He asked me to hold a drape, which was just a thin thrift store bedsheet soaked in plaster. He took my right hand, folded the slimy fabric into it, and positioned it at my right shoulder. Not only was the drape uncomfortably cold and slippery, but it was also heavy. Ignazio arranged my left hand low on my left hip and moved to tuck another part of the fabric there, when he stopped. “I told you to shave!”

“Riiiight,” I said, questioningly. “And I did …”

“No, no–you did not take it all off. This is not good. The plaster, it’s going to stick.”

I thought he was going to tell me to leave. I was blushing, but he was not looking at my face.

“Oh, the plaster …? I’m fine with that. Really.” I panicked, embarrassed, wanting to be The Muse at all costs. “I’ve done waxing before,” I lied, “ripping off a little plaster won’t bother me.”

And so he proceeded. The drape was moved into position across my body, smoothed again my skin from shoulder to thigh, breast to bellybutton, and below.

Still mortified about my pubic hair, I soon had another problem. The drape was so heavy and the plaster so cold that I started to shiver uncontrollably. I began seeing little glimmers–stars–at the edges of my vision. Please don’t let me faint.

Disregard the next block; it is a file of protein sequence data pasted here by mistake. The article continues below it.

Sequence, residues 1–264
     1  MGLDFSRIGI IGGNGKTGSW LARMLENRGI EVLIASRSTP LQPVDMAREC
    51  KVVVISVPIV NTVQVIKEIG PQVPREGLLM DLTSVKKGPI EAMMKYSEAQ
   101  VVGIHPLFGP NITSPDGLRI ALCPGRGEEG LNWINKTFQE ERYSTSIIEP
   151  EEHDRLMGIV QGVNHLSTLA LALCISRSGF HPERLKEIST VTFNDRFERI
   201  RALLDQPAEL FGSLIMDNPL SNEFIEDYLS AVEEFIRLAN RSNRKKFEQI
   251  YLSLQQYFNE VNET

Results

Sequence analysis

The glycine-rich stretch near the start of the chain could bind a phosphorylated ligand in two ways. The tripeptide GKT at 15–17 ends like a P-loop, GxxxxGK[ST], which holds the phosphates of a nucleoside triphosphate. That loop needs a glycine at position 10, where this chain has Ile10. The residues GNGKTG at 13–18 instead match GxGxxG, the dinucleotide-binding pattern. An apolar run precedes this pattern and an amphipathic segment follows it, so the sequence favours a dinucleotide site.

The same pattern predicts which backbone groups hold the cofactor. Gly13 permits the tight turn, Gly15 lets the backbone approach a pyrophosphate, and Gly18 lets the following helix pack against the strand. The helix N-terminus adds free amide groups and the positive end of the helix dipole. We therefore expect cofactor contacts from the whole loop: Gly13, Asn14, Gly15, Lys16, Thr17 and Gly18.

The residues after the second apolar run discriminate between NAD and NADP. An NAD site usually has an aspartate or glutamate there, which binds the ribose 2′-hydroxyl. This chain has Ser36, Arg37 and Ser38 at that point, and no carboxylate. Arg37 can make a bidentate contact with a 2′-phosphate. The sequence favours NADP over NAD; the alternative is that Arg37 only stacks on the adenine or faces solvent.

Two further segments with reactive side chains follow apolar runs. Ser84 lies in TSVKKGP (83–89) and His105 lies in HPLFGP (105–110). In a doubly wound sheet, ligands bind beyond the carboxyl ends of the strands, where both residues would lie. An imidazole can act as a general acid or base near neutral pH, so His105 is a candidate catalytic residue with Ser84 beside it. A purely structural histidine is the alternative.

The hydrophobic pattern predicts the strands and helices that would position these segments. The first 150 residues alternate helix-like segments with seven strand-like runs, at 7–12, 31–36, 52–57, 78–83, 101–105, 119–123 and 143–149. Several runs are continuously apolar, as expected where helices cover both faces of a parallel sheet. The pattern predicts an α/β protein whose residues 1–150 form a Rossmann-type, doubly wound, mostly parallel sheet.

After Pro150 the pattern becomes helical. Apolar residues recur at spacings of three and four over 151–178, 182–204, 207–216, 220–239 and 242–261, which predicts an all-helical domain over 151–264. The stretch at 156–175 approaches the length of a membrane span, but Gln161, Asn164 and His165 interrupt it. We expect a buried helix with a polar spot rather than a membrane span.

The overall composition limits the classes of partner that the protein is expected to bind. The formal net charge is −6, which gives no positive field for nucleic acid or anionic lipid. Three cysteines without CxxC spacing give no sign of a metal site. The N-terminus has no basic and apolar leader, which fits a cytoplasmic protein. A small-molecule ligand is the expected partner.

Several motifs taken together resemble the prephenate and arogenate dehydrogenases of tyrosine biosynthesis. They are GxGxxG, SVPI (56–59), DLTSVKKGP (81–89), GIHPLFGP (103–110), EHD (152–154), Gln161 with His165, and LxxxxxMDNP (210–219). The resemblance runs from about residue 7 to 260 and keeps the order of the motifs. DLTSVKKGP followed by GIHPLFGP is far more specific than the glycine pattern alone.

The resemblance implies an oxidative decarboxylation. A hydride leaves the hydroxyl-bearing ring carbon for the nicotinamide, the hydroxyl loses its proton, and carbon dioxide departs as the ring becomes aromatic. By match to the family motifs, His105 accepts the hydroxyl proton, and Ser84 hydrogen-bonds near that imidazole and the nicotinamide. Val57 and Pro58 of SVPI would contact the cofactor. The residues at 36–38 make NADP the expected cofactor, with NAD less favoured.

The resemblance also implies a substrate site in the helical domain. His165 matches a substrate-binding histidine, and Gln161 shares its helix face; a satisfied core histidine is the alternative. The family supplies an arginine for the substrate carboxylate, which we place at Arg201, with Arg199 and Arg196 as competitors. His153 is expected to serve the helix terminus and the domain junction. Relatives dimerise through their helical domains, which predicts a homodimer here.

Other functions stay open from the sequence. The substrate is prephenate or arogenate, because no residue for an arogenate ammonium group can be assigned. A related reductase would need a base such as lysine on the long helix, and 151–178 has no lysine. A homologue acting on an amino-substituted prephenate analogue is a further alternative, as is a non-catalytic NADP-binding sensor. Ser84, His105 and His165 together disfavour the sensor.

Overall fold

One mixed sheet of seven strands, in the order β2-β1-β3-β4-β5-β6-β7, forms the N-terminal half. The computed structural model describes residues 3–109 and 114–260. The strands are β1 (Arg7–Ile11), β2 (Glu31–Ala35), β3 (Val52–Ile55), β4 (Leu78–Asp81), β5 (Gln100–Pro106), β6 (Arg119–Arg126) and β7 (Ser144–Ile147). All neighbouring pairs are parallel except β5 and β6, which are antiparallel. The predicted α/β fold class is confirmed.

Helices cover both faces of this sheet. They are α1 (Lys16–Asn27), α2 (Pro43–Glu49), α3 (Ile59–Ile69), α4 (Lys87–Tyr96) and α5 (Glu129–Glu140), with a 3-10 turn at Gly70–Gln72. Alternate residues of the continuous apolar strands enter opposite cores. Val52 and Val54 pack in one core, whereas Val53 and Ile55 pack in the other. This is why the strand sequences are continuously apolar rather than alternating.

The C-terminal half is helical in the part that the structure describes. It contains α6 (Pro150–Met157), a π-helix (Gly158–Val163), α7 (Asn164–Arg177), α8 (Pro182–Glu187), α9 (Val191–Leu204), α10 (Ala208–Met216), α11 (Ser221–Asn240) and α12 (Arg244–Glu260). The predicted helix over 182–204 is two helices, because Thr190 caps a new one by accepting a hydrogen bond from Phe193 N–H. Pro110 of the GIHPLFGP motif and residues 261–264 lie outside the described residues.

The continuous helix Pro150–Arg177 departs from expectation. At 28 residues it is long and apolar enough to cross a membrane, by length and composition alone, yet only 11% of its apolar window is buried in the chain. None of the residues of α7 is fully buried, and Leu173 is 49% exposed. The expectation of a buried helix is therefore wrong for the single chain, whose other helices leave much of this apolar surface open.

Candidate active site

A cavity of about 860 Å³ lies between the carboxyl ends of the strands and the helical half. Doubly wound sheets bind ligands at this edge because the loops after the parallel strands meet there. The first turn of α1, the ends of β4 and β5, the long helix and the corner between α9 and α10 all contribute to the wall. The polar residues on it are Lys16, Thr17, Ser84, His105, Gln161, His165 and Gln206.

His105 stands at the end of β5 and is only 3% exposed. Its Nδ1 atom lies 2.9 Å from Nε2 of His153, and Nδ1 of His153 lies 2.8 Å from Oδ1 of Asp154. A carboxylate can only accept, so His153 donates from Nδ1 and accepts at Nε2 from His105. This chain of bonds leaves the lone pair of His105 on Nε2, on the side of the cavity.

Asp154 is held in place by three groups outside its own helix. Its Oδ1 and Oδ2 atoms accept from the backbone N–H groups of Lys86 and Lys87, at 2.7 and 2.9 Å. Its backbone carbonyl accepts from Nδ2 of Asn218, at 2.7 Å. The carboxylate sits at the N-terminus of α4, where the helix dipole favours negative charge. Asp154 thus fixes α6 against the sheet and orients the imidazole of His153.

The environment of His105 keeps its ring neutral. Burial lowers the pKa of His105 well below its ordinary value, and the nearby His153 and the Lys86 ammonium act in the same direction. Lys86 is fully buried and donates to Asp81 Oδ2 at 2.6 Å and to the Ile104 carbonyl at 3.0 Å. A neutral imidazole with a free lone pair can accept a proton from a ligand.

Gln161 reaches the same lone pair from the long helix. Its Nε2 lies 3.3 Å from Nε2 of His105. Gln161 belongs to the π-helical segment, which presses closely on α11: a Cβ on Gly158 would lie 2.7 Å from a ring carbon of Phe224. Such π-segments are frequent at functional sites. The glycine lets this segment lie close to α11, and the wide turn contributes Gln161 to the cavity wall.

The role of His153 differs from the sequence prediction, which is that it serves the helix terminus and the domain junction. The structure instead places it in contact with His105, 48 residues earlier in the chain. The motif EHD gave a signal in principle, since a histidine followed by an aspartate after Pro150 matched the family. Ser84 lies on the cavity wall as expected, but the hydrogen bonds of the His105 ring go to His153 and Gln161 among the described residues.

I asked Ignacio if we could take a break. “I’m not feeling so great. I think I need some water, maybe a snack.” The Look shot my way again. He shrugged and turned away to wipe his hands on a rag.

“Uh, would you mind handing me my bag?” Clearly, I was pretty much glued to the spot where I was standing.

This seemed to be too much to ask. He turned back to me. “You know, maybe you actually shouldn’t eat anything. I need my models to be nearly perfect, and I’m already dealing with your pot-belly stomach.”

And with that, something snapped in me. Being a muse is clearly overrated. I dropped the sheet and scraped clods of half-dry plaster from my skin. Pulling my sweater on and shoving still-sticky legs into my jeans, I told him I was done. Without waiting, I grabbed my bag and bolted.

I waited at a rainy bus stop, with plenty of time to think over what I had just experienced. Predictably, I was depressed and, worse, self-critical. I felt fat — and stupid. Why did I ever think I could be someone’s muse?